When 1700 members of the United Electrical, Radio and Machine Workers (UE) went on strike recently in Erie, Pennsylvania, it was the first large manufacturing strike in three years. They struck, said the Huffington Post, because their employers Wabtec Corporation announced the imposition of mandatory overtime and a lower wage scale for new hires—which cause a rift between generations. “This is a multi-generational plant. Some of them, their grandparents worked there,” Jonathan Kissam of the UE said. “So they’re unwilling to sell out their own children.”
Teachers strikes have become widespread, but the continuing work stoppage in Oakland adds something different. As the Oakland Education Association presses the Oakland Unified School District over funding and classroom size, the OEA has picked up allies. According to the San Francisco Chronicle, “Teachers from San Francisco, Berkeley, San Lorenzo and Albany are planning a “sick out” Thursday to rally with their Oakland colleagues on the picket lines ahead of the strike reaching its one-week mark.” San Francisco high school teacher Greg McGarry told the paper, “Part of the reason we’ve been so weak so long as an occupation is because we’ve been stratified, atomized. We’re trying to build connections now.”
Meanwhile, workers in 70 Mexican factories just over the US border—maquiladora—have won wage increases and contract provisions. According to Labor Notes, “The strikes in the industrial city of Matamoros, Tamaulipas, on the border with Brownsville, Texas, have primarily hit auto parts factories, where tens of thousands of workers make goods for General Motors and other car manufacturers.” While most workers already make the new minimum wage of between $8.60 and $9 (per day, not per hour), the important provision, “says that any increase in the federal minimum wage must be applied to the entire pay scale via a proportional daily wage increase and an annual bonus.”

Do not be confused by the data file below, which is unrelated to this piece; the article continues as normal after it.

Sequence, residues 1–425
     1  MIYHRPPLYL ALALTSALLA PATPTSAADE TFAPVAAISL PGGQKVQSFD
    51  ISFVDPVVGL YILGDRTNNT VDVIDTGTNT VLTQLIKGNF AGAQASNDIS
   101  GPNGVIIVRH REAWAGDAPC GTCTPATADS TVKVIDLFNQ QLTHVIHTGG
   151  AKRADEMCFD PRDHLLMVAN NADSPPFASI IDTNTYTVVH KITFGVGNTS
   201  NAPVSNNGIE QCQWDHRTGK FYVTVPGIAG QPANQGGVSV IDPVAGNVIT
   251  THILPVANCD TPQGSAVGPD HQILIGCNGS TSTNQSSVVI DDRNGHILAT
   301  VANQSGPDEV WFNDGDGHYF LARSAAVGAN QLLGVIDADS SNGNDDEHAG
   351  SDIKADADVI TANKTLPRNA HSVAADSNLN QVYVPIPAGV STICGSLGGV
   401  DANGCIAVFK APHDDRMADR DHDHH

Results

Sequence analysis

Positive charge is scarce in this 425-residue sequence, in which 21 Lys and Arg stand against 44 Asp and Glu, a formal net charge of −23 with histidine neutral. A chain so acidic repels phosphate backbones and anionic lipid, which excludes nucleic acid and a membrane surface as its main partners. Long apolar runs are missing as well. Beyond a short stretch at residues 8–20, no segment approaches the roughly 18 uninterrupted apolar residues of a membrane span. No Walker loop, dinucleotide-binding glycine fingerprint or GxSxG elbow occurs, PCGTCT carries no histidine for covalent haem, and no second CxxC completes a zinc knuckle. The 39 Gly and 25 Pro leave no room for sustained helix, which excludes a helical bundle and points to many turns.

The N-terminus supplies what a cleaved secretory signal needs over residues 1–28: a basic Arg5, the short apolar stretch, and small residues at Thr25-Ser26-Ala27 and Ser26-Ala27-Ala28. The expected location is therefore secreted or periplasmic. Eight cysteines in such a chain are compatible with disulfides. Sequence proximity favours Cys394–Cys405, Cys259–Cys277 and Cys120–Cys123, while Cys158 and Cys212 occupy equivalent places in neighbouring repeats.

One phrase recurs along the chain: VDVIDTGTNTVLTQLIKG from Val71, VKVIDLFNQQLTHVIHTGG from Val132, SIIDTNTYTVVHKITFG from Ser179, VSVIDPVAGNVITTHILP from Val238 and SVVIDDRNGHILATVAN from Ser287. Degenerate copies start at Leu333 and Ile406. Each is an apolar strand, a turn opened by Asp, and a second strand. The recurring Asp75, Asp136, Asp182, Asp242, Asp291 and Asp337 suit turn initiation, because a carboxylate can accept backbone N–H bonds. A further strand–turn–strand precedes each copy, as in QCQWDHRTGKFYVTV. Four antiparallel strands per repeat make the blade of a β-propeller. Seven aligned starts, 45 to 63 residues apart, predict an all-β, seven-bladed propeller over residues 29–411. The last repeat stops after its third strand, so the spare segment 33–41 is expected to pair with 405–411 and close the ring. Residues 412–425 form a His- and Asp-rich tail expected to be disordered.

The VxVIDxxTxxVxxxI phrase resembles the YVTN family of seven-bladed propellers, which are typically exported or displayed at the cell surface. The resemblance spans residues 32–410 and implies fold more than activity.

The New York Times recently profiled Sara Nelson, president of the 50,000 member Association of Flight Attendants-CWA, headlining her as, “America’s Most Powerful Flight Attendant.” On January 20 in response to Trump’s government shutdown, “Ms. Nelson called for a general strike, an idea so radical that it has scarcely been invoked in public by the head of a national union in generations.” While it didn’t come about, the threat, plus actions among air traffic controllers, are widely believed to have brought about the end to the shutdown. Read the profile here.